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Archive | November, 2011

Proving Reputation When Domain Name Was Registered

Complaint must show a reputation when domain name was registered; a present reputation alone is insufficient if trademark had non in the past. Complainants and their trademarks either have established reputations in their marketplaces or they have not. By far the greatest number of disputes brought under UDRP are by complainants with trademarks whose reputations […]

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Copyrightability of Generic Elements in a Copyrighted Work

Co-author Gerald M. Levine Unprotected elements in a copyrighted work affects the copyrightability of those elements alone. The copyright does not extend to every sentence in a work or to undeveloped characters. Fair use is not an issue since its application presupposes expressive material that is both copyrightable and copyrighted. (we leave for another day […]

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Former Employees Registering Domains in their Own Names Without Employer’s Knowledge and Contrary to Instructions

An employee charged to attend to his employer’s intellectual property assets can have no right or legitimate interests in domain names he registers in his own name. The former employee in SIELTE S.p.A. v. Salvatore Gueci, FA1109001408629 (Nat. Arb. Forum November 7, 2011) offered to return the domain name for consideration, a violation under paragraph […]

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Copyrightability in “Original Works of Authorship”

To be protected by copyright, to have copyrightability, requires a certain degree of creativity. The Copyright Clause of the U.S. Constitution provides for copyright protection to “original works of authorship.” The Supreme Court has stated that for a work to be protected it has to “possess[] at least some minimal degree of creativity.” Feist Publ’ns, […]

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Transfer of Domain Name to Unrelated Third Party

There are two lines of reasoning from U.S. circuit courts on the issue of whether transfer of a domain name to an unrelated third-party or renewal of a registration constitutes a new registration. The resolution is critical to a finding of abusive registration under the Anticybersquatting Consumer Protection Act (ACPA). ICANN Panels have settled on […]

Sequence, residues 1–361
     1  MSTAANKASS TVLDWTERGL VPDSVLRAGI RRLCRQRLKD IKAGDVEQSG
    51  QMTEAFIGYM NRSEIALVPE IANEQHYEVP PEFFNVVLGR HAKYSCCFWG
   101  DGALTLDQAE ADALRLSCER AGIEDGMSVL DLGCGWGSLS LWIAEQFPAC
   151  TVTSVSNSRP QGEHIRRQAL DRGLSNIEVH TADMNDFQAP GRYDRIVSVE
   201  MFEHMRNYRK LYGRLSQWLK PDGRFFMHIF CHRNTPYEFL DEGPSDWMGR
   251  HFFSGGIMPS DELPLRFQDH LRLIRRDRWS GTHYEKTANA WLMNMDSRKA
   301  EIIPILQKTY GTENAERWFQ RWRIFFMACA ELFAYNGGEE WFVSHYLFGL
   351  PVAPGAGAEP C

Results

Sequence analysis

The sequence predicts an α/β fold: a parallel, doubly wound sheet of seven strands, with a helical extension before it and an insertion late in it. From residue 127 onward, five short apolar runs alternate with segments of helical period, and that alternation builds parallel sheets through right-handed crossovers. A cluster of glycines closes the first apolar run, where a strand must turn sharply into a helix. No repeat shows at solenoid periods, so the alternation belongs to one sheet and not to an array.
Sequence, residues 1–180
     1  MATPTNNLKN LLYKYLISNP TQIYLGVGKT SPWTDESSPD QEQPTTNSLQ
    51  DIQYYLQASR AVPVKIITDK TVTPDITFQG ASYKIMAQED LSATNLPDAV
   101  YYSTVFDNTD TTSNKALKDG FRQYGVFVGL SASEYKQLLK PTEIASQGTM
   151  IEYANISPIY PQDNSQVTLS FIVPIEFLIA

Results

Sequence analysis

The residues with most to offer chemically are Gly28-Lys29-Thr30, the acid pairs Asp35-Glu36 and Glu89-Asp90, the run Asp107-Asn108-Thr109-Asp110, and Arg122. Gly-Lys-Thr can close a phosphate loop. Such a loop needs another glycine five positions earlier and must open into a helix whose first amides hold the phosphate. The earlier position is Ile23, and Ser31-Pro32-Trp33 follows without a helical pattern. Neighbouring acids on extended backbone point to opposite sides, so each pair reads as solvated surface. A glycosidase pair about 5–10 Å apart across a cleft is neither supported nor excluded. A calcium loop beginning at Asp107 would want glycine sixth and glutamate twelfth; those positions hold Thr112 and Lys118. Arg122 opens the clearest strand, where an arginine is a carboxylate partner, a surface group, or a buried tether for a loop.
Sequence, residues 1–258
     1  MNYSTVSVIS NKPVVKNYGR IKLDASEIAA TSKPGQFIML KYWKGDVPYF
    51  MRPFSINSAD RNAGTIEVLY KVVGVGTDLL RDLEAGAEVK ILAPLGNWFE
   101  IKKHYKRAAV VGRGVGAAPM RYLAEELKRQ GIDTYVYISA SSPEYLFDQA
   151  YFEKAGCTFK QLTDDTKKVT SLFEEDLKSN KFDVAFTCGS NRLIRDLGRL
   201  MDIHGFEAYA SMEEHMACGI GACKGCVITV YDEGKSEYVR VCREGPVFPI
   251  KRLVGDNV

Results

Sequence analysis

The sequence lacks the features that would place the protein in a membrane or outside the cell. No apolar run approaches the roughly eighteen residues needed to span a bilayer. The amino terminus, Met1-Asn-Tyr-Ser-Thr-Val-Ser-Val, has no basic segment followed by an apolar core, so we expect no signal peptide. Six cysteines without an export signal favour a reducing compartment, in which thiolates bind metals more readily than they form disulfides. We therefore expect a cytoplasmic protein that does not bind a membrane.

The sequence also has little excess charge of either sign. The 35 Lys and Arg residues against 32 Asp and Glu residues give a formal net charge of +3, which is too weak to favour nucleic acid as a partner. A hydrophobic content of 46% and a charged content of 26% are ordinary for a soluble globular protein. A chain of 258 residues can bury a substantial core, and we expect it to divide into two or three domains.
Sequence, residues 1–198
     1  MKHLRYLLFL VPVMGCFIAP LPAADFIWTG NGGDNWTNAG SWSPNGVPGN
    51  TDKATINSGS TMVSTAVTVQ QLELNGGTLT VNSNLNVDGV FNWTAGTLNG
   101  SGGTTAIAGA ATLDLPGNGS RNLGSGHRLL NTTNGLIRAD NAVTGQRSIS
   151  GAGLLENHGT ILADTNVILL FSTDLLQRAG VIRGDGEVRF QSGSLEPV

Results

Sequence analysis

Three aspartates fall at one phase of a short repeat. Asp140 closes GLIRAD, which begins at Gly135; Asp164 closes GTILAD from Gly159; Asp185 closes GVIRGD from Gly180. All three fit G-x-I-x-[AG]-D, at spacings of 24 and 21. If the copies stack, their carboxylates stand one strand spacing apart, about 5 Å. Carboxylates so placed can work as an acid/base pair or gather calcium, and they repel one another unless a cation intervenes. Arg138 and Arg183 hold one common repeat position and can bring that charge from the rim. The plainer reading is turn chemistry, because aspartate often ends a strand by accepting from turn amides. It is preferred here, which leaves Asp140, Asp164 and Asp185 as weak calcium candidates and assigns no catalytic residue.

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Domain Names Similar to Trademarks But Not Confusing

See Anthology of Commentaries — 2014 The test for establishing confusing similarity is relatively modest. Less or more so is not easy to measure. For this reason, Panels tend to give complainant the benefit of the doubt, but low though the bar is set it is not satisfied by simply showing that the trademark and […]

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Reserving Rights When Agreeing to License

Publishers typically demand rights for the duration of copyright although the shelf life of the licensed work is likely to be measured in single digit years. Authors have a basked of exclusive rights set  out in Section 106 of the Copyright Act only some of which should be agreed to in book publishing contracts. Other […]

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Trademark Terms Distinctive in One Territorial Jurisdiction, Undistinctive in Another

Distinctiveness (despite the affirmativeness of the word) is a fluid concept. It could mean “distinctive” in its class but not “distinctive enough” to prevent others from using it for their own purposes in a different class. So, too, a term accepted by a trademark office can be regarded as distinctive within its jurisdiction, but un-distinctive […]

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Titles, Words and Short Phrases (Q&A)

Co-author Gerald M. Levine Titles, Words and Short Phrases are not copyrightable although contextualized they may become so. The answer is found in the Code of Federal Regulations, 37 C.F.R. Sec. 202.1.  Subsection (a) provides that the following “examples of works [are] not subject to copyright and applications for registration of such works cannot be […]

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Right or Legitimate Interest in a Domain Name Not Defeated by Refusal to Sell

An abusive registration presupposes either an existing trademark or knowledge of its existence when registering the domain name. If the trademark did not exist before the registration of the domain name or if it did but the respondent had no knowledge of it (which means a more probably than not denial of knowledge) then inferentially […]

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